October 9, 2015 at 9:44 am
After Christmas 2008 I was critically injured and in a coma due to an incident which also had considerable impact on my life, leading me to also be at the centre of press attention. At the same time I was also made redundant. A knock-on effect of these events was for me to be evicted my accommodation. At that time I was also near the end of a Computing and Engineering PhD.
I was discriminated against by many public authorities who showed little understanding or care for mental health, nor knowledge of the related disability and human rights laws. I have reactive anxiety and depression due to all of the above. I also have a mild trait of Asperger syndrome.
All of the above events and my personality and ability/disability traits led to a perfect storm of conflict where I sued (usually successfully) every agency that harmed me. I also had great support from Rethink to cope through all this. This help, combined with legal successes created some space and time in my life to get involved in more constructive activities.
Bristol Active Life Project (BALP)
These constructive activities involved a mixture of completing my PhD, volunteering, mental health campaigning, temporary work and research, and BALP activities. I’ve also completed many vocational and academic web, programming, computing, business and admin courses.
The BALP activities have been the most enjoyable. This has greatly helped my mental health and physical health, which both needed constructive activities to improve. I have asthma and diabetes, but this doesn’t stop me exercising, this makes exercise more important, but only in combination with the appropriate medical treatment and advice.
Before this I had been putting on weight because of lack of exercise due to PhD work, and court cases etc that needed mental not physical effort.
I first took up walking with BALP, and was a regular for this. We used to get together at MIND in Old Market, to meet before and have tea and coffee after. Whilst there, I saw a poster for BALP football training at St Pauls. I have played football on and off, all through my adult life. So I took part in BALP football training and playing on Tuesdays at St Pauls. What I hadn’t known was that there was professional coaching, other training and football days, and a football team.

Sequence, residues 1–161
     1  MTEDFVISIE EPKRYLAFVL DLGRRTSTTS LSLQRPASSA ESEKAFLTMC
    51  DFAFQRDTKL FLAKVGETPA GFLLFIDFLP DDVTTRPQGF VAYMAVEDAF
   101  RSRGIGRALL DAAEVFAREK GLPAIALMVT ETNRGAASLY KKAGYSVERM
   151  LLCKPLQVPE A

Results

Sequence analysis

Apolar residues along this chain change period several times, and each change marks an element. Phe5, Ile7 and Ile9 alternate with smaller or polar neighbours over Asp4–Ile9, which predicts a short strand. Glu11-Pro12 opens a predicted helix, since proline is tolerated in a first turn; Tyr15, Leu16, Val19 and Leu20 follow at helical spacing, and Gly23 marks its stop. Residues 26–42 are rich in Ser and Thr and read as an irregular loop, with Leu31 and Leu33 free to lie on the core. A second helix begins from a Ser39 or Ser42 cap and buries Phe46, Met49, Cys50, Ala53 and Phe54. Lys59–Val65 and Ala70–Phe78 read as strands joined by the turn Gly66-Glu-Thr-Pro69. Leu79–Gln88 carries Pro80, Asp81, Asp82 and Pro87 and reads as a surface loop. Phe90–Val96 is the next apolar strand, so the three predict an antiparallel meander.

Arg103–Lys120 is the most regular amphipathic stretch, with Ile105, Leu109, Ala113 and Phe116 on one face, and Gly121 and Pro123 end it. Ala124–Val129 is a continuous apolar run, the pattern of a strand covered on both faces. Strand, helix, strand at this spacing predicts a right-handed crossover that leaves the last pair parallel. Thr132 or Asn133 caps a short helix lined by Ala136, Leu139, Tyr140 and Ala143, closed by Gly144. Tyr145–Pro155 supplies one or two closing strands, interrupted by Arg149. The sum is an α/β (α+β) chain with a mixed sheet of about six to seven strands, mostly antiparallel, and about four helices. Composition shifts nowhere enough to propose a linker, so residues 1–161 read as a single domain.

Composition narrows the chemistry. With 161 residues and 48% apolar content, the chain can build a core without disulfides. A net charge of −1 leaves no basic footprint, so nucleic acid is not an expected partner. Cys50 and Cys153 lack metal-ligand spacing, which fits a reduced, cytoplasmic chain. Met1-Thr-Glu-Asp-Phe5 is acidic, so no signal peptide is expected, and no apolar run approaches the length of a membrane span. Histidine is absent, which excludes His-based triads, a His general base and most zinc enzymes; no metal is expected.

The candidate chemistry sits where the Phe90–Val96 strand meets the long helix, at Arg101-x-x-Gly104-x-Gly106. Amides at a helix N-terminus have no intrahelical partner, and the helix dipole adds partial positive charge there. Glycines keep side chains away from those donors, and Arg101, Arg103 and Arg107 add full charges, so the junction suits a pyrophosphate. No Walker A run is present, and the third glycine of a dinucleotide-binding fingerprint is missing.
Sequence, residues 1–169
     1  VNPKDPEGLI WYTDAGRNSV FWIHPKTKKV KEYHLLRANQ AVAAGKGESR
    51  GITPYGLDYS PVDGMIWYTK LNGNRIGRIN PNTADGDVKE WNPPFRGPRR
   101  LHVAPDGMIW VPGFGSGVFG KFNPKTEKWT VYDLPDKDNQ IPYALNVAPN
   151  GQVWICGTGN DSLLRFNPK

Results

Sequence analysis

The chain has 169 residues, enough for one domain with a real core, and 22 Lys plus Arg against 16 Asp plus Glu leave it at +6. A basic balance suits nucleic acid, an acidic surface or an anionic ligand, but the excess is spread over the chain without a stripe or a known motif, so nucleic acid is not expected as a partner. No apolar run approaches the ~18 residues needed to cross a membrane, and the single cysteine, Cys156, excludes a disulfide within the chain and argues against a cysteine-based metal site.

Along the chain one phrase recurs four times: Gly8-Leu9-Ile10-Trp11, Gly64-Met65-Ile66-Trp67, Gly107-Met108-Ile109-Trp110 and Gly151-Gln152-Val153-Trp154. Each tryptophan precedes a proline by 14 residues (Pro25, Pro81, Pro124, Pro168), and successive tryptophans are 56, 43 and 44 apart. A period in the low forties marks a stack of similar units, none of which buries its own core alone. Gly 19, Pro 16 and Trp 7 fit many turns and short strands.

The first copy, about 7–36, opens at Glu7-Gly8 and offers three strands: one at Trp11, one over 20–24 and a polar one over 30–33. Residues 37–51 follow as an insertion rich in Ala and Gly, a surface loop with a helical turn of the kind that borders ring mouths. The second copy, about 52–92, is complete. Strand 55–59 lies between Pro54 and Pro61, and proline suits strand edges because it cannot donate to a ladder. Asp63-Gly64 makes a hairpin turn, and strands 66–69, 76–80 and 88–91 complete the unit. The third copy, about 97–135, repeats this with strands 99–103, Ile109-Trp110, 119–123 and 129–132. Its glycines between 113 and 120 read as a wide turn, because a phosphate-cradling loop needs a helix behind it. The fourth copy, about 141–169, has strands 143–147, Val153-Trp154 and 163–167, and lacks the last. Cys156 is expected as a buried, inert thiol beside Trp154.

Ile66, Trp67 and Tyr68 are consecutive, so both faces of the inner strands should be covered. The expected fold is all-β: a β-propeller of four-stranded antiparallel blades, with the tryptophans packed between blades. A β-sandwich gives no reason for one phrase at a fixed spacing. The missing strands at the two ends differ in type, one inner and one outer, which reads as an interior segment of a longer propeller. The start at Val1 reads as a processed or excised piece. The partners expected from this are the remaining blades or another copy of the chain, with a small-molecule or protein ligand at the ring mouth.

As I got used to the Tuesday football and got fitter, I realised that I was ready to train on Fridays at South Bristol, where there is a large weather proof Astroturf pitch. This is also the training place for the BALP football team. Before long I was also ready to play for this team, and now I’m a regular in this team. Our BALP team also won a tournament last summer.
I’ve only missed one BALP football games day and this was because the Bristol Half Marathon clashed with the football that Sunday. BALP had supported me by paying the fees and giving advice so I could run. I was able to run this Half Marathon because I had been training at a gym and outdoors with the help of an exercise on prescription scheme.
I’ve also played in a BALP badminton tournament and still go on the walks also. These walks are now with Rethink and Walking for Health.
The main organisations that have been supportive of me are BALP, Rethink, and the NHS. My physical and mental health is not perfect because the reactive depression is as a result of the balance between the good effects from these organisations such as BALP easing the depression, and other organisations that have harmed my health. This balance leaves me able to control though not eradicate my depression. But I hope with BALP, Rethink, and NHS help I can put the reactive depression behind me.
I wouldn’t have got involved in football outside BALP. BALP provides a supportive environment, and their mental health knowledge prevents me becoming stressed as I would by playing in regular league team.
I’m a BALP member, Rethink member, and part of a highly effective campaign against mental health stigma and discrimination that combines activities of many charities and groups. Also I’ve passed my PhD, published my research, I’m well published and connected over the web, and I’m involved in further research on computing, and on mental health and activities.
The reason BALP has been so effective is because it has worked out WITH me what I can and can’t do and what I want, not decided this FOR me.
So with BALPs’ help, things are looking up!
By Peter Hale, member of BIMHN and mental health blogger.
This is from a talk that Peter gave back in January 2013.
October 9, 2015 at 9:44 am | News | No comment